Only 31 percent of people responding to the survey knew that 4 percent can be safely withdrawn from an account during retirement (the 4 percent rule).

Even with increased media attention to retirement income and focus on de-accumulation strategies on digital platforms, most people do not understand how much they can withdraw from their savings. 

 

All of the above (and similar statistics from the survey) alarm me about the readiness of most Americans as they move toward retirement. When we are unprepared, we have to seek out professional assistance. That assistance is not going to come from a robo-adviser or digital platform. Clients need, and deserve, to feel comfortable and have their questions answered. More importantly, they should have a relationship that challenges them to think about potential risks like longevity, health care, interest rate risk, rate of return targets, and income strategies. 

 

It’s unlikely that a computer program will have the expertise to direct a client through the complexities of retirement planning and be there to make them feel comfortable when the plan may bend off course. 

 

Winning Strategy

Think about providing more education to your clients and prospects. Surveys point to a need for more education. More importantly, there is a need for more financial professionals to help execute meaningful financial plans. Help someone into our industry and be a mentor to them. 

 

*“6 Disturbing Findings from America’s Failed Retirement Quiz,” The American College, Aug. 10, 2016: http://knowledge.theamericancollege.edu/blog/6-disturbing-findings-from-americas-failed-retirement-quiz

 

About the Author

Mike McGlothlin is a tireless advocate for the retirement planning industry. As executive vice president of annuities at Ash Brokerage, he heads a team providing income planning solutions focused on longevity and efficiency. He’s also a thought leader who provides guidance and assistance for advisors and broker-dealers navigating marketplace and regulatory changes. You can find a collection of his blog posts in his book, “Above the Clouds … Winning Strategies from 30,000 Feet.”

Which Risk Do You Want?


Annuities

Since the U.S. Department of Labor (DOL) rule was announced in April 2016, there have been so many interpretations of the rule and its effects on individual financial planning firms. As I read the rule in April, one of my biggest concerns was that advisors would shift their product mix to the path of least resistance instead of really digging in to what might work for the client.

 

Unfortunately, I see and hear a lot of “I’m not going to sell annuities in the future.” Even worse, I continue to hear broker-dealers limiting product menus to make compliance easier.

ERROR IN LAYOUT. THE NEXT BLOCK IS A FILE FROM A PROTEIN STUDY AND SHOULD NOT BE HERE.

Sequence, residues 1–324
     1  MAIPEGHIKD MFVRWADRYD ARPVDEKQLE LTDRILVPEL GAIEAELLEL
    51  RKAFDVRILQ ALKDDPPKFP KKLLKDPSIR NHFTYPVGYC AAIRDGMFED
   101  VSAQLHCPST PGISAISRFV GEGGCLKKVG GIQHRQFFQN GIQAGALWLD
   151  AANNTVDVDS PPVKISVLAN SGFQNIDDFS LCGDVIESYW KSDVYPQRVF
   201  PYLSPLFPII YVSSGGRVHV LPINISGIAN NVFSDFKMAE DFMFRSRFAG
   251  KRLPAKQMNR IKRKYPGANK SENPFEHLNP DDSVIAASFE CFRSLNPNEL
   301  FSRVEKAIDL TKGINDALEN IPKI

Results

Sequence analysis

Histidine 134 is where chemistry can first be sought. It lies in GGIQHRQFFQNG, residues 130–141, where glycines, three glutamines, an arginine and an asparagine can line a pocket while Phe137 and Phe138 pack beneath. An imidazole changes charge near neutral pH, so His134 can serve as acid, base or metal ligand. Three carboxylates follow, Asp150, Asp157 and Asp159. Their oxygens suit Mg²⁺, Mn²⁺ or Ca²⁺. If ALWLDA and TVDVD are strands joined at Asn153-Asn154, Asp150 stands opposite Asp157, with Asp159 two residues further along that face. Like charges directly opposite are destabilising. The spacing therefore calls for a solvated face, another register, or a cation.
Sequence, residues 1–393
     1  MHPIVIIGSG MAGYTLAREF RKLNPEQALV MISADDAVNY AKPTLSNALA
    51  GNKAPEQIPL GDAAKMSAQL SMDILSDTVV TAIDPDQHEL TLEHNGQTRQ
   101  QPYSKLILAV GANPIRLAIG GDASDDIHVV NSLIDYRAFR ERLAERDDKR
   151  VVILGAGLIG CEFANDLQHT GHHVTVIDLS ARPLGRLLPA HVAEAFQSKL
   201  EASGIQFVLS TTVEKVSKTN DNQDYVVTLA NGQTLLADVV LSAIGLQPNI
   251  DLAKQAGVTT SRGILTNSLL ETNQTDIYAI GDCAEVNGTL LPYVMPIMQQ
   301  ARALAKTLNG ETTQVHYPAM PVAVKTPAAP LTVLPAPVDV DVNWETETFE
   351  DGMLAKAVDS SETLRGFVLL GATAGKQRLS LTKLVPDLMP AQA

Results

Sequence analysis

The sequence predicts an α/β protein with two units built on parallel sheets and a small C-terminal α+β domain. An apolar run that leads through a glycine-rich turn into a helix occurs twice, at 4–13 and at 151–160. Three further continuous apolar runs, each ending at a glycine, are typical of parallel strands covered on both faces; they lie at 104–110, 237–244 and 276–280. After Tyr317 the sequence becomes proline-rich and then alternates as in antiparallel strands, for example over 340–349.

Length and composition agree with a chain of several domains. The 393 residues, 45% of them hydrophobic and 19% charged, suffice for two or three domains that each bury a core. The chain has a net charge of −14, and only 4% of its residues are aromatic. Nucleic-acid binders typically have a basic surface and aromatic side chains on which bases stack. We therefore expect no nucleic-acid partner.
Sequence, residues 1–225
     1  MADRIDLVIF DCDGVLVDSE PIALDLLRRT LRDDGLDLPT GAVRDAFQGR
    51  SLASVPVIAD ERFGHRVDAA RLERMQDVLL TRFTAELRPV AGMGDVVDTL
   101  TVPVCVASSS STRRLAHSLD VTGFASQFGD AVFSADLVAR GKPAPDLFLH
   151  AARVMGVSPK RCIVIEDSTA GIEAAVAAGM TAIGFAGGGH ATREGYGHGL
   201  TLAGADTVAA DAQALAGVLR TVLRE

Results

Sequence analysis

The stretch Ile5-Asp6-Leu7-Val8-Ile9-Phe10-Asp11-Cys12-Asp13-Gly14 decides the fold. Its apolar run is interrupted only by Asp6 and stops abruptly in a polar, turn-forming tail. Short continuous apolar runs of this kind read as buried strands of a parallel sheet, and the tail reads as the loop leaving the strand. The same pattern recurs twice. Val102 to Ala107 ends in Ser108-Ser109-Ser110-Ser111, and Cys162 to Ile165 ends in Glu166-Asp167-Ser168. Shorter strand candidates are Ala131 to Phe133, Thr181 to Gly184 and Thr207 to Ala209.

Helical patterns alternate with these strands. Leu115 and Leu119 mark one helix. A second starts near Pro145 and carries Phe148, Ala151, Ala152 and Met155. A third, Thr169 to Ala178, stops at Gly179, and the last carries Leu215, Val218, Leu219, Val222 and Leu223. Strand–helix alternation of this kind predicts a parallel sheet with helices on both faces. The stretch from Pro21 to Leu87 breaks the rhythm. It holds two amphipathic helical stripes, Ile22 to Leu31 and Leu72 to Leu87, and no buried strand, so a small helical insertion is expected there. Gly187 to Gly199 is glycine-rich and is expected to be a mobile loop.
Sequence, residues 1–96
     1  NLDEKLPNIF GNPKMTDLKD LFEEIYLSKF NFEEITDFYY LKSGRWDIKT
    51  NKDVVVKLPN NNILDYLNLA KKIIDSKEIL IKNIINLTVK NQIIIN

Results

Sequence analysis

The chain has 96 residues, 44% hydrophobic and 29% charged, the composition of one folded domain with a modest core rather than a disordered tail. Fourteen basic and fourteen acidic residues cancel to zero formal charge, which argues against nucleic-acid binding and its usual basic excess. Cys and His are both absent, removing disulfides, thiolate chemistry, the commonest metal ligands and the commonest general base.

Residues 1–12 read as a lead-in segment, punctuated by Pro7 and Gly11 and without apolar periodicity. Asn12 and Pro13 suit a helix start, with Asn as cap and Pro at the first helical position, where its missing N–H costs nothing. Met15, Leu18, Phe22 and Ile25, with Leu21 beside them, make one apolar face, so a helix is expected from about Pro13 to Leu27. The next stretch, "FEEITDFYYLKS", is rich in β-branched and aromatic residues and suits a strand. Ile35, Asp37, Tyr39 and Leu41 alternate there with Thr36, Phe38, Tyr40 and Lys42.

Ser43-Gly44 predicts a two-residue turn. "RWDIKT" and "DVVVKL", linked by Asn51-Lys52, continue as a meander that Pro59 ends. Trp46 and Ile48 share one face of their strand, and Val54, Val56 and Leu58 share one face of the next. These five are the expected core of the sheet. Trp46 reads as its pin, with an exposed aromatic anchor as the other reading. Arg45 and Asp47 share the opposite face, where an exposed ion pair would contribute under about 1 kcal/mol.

Over the last several years, the stock market has been on one of the longest bull runs in history. Recently, in July and August of 2016, I watched the stock market hitting all-time highs. But, at the same time, I saw inactivity at the advisor level and the client level. The annuity industry reports sales slowing during the summer months across most carriers. Our business has slowed and our sales teams report that clients don’t want to meet with their financial advisors. In turn, advisors have begun to turn their clients’ accounts into fee-based accounts after charging an upfront commission. In many cases, they feel the change is mandated by their firm. Many are not taking the opportunity to advise clients – instead, they are just focusing on the administrative change in compensation. 

 

Unfortunately, through all the DOL issues, we have failed to focus on what is most important: protecting our clients’ retirement income savings and income potential. With markets growing to all-time highs and volatility low, it seems like a perfect time to remain invested. However, when you look at extended periods of low volatility heading into the fall months, you see an increased period of volatility after Labor Day. Our clients, especially those within five to 10 years of retirement, have too much to lose in the next market downturn.

 

So, my question is simple:

 

Do you want to be protected from regulatory risk by not selling annuities under a Best Interest Contract? Or, are you exposing yourself to litigation risk by not reaching out to clients and locking in gains with a significant risk of account value loss?

 

Too often, we get caught up in media and peer conversations about the regulatory environment changes. Make no mistake, the changes coming in April 2017 are significant. But, it’s no reason to abandon our clients and stay within our comfort zone of asset management. Instead, it’s a time to reflect on the entire value proposition you bring to the table for your clients. And, more importantly, it’s time to act upon protecting their retirement savings before the next market correction. 

 

Winning Strategy

Take a look at your clients who are within five to 10 years of retirement. Call them into your office for a meeting to assess their current risk tolerance and desire to take some of the investment risks off the table.

 

About the Author

Mike McGlothlin is a tireless advocate for the retirement planning industry. As executive vice president of annuities at Ash Brokerage, he heads a team providing income planning solutions focused on longevity and efficiency. He’s also a thought leader who provides guidance and assistance for advisors and broker-dealers navigating marketplace and regulatory changes. You can find a collection of his blog posts in his book, “Above the Clouds … Winning Strategies from 30,000 Feet.”